TENS of thousands of children in the North-East and Yorkshire are living in families trapped by debt who could be missing out on essentials, a study has revealed.
Research by The Children’s Society and StepChange Debt Charity has found 45,000 families in the North-East – 14 per cent of the total- are behind with bills and loan repayments by an average of £1,669.
This means an estimated 75,000 youngsters in the region are living in households with debt problems.
In Yorkshire, 132,922 families – some 20 per cent of the total- are suffering similar financial problems, with average arrears of £4,229 and an estimated 231,000 children affected.
Across both regions, a total of £634.2m is owed in bills and loans.
In their report, The Debt Trap: Exposing the impact of problem debt on children, the charities reveal how debt puts stress on relationships, traps families in a downward spiral of borrowing and can cause children to suffer from anxiety, experience bullying and miss out on essentials.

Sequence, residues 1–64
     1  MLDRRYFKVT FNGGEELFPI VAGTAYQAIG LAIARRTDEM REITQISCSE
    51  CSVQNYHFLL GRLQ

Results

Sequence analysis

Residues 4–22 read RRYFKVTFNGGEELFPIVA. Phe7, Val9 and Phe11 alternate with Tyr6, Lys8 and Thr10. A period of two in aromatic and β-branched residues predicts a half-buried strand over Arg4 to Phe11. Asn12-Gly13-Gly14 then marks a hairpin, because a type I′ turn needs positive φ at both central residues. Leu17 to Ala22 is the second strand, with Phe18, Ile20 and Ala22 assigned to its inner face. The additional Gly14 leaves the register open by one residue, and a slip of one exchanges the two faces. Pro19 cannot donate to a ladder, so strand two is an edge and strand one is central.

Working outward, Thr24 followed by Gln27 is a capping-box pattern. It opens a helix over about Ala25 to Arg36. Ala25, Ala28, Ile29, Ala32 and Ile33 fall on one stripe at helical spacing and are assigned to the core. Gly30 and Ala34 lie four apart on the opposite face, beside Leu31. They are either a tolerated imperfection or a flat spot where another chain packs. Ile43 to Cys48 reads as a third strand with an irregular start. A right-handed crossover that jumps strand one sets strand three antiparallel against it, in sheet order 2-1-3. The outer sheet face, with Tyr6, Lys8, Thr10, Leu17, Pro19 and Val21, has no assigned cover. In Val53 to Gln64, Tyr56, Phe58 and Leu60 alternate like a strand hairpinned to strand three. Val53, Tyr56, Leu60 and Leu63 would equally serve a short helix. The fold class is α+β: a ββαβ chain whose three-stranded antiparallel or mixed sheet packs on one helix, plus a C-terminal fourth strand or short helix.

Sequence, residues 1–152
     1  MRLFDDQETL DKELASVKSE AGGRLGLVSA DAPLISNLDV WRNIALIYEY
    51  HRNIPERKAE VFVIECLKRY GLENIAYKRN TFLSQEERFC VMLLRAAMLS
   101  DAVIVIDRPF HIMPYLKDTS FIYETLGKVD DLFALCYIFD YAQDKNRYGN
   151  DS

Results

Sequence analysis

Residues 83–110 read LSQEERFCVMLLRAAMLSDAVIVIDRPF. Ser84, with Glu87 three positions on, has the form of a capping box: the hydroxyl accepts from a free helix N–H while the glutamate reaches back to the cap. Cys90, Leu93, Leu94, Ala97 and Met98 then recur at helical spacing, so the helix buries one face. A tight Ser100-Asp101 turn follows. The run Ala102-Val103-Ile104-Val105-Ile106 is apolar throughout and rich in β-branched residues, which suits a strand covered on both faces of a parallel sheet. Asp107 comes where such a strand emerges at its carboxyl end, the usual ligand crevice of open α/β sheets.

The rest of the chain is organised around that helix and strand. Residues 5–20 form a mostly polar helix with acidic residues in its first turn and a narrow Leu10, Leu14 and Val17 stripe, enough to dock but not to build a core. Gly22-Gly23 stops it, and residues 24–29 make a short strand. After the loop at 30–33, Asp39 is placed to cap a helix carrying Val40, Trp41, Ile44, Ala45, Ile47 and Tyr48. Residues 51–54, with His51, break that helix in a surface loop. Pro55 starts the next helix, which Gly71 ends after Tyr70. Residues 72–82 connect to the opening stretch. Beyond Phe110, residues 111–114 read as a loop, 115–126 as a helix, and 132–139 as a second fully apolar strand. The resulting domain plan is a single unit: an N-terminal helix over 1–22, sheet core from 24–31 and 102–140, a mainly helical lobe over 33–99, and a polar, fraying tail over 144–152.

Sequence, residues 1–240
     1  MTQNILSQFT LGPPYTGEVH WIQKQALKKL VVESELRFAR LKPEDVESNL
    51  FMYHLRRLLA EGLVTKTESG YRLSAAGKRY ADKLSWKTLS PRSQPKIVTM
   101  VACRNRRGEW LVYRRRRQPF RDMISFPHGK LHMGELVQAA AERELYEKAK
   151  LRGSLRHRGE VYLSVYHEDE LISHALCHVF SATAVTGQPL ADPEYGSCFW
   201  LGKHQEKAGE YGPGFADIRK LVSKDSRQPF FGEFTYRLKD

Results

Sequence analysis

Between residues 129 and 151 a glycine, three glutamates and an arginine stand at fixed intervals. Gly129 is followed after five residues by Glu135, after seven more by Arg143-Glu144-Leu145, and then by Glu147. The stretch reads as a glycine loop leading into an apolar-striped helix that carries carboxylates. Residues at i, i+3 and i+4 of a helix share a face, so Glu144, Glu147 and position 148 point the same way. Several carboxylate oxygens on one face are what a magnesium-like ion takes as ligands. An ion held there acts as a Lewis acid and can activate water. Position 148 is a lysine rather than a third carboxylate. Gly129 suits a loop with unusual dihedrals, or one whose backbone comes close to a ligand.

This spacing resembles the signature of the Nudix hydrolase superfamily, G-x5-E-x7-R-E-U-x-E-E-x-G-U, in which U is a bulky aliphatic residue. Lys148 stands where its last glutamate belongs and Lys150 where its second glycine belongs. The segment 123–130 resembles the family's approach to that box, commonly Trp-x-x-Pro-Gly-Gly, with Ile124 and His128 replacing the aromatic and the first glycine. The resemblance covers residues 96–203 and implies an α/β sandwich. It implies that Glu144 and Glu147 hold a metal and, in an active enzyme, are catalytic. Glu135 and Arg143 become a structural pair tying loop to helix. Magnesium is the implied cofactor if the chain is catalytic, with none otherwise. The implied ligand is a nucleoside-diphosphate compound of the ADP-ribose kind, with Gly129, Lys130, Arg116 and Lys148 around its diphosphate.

The Scarborough and Whitby, Thirsk and Malton and Richmond parliamentary constituencies in North Yorkshire are among the worst affected, with 43 per cent, 22 per cent and 21 per cent of children living in families trapped in debt, respectively
Matthew Reed, chief executive of The Children’s Society, said it could take just a small set back, such as illness of redundancy, to tip a family over the edge.
“This research exposes the shocking reality of parents lying awake at night worrying and unhappy children going without,” he said.
“Many families are feeling the squeeze and parents struggling on low wages are battling just to pay the bills.”
The study follows the launch of The Debt Trap, a campaign to highlight the impact of debt on children.
StepChange Debt Charity and The Children’s Society are calling on the Government to create a “breathing space” scheme to give struggling charities an extended period of protection for further charges and enforcement action.
They are also demanding tighter restrictions on advertising loans, earlier and wider access to debt support and a review of whether the protection systems already in place are working.
For more information, visit stepchange.org or childrenssociety.org.uk